Indian CCTV Operator starts E-Commerce business, makes Rs. 50 Lacs per month with only Rs. 10K investment
by Rishab Mansour
Zubair’s company rakes in around Rs 50 lakh revenue each month
In 2014, Zubair Rahman worked as a CCTV operator in Tirupur, Tamil Nadu.
The 21-year-old electrical and electronics engineer, fresh out of college, went to offices and installed CCTVs on their premises. But his heart was elsewhere.
Zubair was set on starting his own business. However, he wasn’t clear which sector to venture into. One day, as he turned thoughts over in his head, he got a request to install CCTVs in the office of an ecommerce company.
He recalls: “I went to install the CCTVs and got curious about the operations of the company. I spoke to the manager there, and he told me how the company was making money by sourcing and selling items online.”
The idea appealed to Zubair. He didn’t have to invest heavily in manufacturing if he started an ecommerce marketplace.
Zubair Rahman, Founder, The Fashion Factory Taking the plunge Zubair realised textiles were the best products he could source from Tirupur.
The city is known as the knitwear capital of India for a good reason: it has a robust textile manufacturing ecosystem, which accounts for 90 percent of India’s cotton knitwear exports.
“I spent two months doing my groundwork and met various textile manufacturers in Tirupur. I also spoke to my friends to help source and explore what kind of clothes would sell well online,” he says.
By now, he had quit his job and was determined to become an entrepreneur It was a bold move, especially for an engineer during India’s unemployment crisis. Since 2010, there have been no improvements in the employability of Indian engineering graduates, according to a 2019 employability report by talent evaluation company Aspiring Minds.
The situation is so alarming that presently, 80 percent of engineers are not employable for any job in the knowledge economy, the report says.
Thus, Zubair’s decision to quit his job was potentially a point of no return. Further, he didn’t have deep pockets.
In 2015, he invested just Rs 10,000 to start The Fashion Factory in his home. “Most of my money went in getting my business registered and getting a GST number. So I had to start small: I started sourcing clothes in small numbers and tried selling them online,” he says.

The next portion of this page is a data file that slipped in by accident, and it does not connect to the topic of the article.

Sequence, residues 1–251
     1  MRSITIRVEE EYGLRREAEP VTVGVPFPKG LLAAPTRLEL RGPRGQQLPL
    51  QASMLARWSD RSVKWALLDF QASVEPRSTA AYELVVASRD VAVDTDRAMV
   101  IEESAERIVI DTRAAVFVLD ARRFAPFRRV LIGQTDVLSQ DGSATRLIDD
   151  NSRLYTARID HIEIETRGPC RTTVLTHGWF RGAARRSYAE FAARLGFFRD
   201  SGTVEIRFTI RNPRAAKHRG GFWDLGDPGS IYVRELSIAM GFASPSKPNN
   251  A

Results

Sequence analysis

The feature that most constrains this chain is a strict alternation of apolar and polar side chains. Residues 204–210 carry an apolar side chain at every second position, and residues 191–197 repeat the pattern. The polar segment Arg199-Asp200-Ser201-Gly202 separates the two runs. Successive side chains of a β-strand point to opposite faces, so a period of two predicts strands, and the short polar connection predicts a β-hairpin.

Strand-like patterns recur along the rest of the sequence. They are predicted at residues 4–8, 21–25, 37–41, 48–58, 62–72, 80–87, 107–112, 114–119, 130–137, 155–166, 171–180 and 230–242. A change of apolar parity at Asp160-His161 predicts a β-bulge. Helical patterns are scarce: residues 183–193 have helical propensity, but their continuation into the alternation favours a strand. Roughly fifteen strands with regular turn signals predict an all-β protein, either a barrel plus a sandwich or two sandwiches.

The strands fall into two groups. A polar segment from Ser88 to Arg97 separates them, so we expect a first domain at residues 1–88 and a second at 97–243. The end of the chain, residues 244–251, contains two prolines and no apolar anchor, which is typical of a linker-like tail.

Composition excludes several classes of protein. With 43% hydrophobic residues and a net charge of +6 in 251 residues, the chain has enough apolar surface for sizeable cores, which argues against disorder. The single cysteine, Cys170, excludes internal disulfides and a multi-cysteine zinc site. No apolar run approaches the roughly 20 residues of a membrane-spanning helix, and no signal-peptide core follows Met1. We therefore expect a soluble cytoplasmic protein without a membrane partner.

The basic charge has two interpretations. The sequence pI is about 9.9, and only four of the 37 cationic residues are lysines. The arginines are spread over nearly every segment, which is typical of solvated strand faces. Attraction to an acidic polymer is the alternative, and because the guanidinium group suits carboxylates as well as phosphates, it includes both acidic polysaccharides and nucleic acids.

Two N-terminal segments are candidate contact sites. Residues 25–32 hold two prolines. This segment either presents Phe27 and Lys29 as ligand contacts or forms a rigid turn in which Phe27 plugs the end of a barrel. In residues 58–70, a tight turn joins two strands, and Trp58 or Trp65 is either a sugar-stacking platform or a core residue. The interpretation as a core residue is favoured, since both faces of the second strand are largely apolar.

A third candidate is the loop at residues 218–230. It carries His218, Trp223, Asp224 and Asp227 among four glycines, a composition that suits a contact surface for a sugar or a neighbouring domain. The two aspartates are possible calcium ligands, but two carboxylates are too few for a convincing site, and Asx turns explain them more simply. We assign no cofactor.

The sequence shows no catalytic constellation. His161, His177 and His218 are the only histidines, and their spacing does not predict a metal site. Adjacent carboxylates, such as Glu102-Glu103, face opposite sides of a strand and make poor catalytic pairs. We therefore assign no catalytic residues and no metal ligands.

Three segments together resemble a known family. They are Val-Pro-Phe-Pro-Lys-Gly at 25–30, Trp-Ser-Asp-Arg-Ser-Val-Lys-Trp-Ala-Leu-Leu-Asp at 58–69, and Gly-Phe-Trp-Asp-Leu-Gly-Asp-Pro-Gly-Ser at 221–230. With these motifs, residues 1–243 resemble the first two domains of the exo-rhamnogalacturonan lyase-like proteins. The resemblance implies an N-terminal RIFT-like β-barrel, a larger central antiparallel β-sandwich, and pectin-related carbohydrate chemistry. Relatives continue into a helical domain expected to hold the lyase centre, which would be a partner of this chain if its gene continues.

Scaling up in those initial days, Zubair started listing the clothes on Flipkart, and then on Amazon. He was getting just one or two orders a day, but the pace was picking up.
Zubair found maximum traction in selling kids apparel in combo packs of five or six units. But this meant he sold each pack at rates between Rs 550 and Rs 880, and the margins he made on each sale were relatively small.
“Selling in combo packs made individual clothing items cheaper than selling them separately. I was seeing less profit per sale, but my low per unit prices attracted a lot of attention and my number of orders quickly shot up,” he explains.
The growing number of orders made him decide he that would focus on larger volumes to bring in more profits. Zubair also went back to his partner manufacturers and asked for more products to add to his inventory.
As the number of orders swelled, he moved out of the home setup and invested Rs 30,000 in a manufacturing unit. The facility uses local fabric to make not only kids apparel but also boys’ T shirts, pajamas, track pants, sweatshirts, and more.
A numbers game
Zubair’s strategy worked so well that The Fashion Factory now receives 200 to 300 orders per day. By fulfilling these orders, Zubair’s company rakes in around Rs 50 lakh revenue each month, he claims.
“We also signed an exclusive deal to sell to Amazon. We see total sales of 20 lakh to 30 lakh units each month,” he says.
The Fashion Factory sees yearly revenue of Rs 6.5 crore, and is targeting Rs 12 crore in the next one year, Zubair says.
Despite the runaway success, the entrepreneur is regularly looking over his shoulder. “Online selling is trending right now. A lot of people are following a similar model because textile makers don’t know how to sell online.”
However, Zubair believes he has an edge over his competition. According to him, it is easy to start a similar business, but difficult to run it without his kind of experience.
“Apart from my experience running The Fashion Factory, my father comes from a garments manufacturing background. He ran a textiles business until he faced a lot of financial challenges, fell sick, and shut it,” he says.
Zubair’s success hasn’t come without difficulties in scaling up. The Tirupur-based entrepreneur says funding remains his biggest hurdle. “I am not always able to scale up my manufacturing to meet the orders.
I got support from Andhra Bank once by means of an overdraft facility, but I am still on the lookout for more funds,” he says.
With more funding, the engineer plans to introduce more designs and move into a bigger manufacturing unit. He is also planning to sell to retailers in Dubai and take his brand global.
Article first published on YourStory.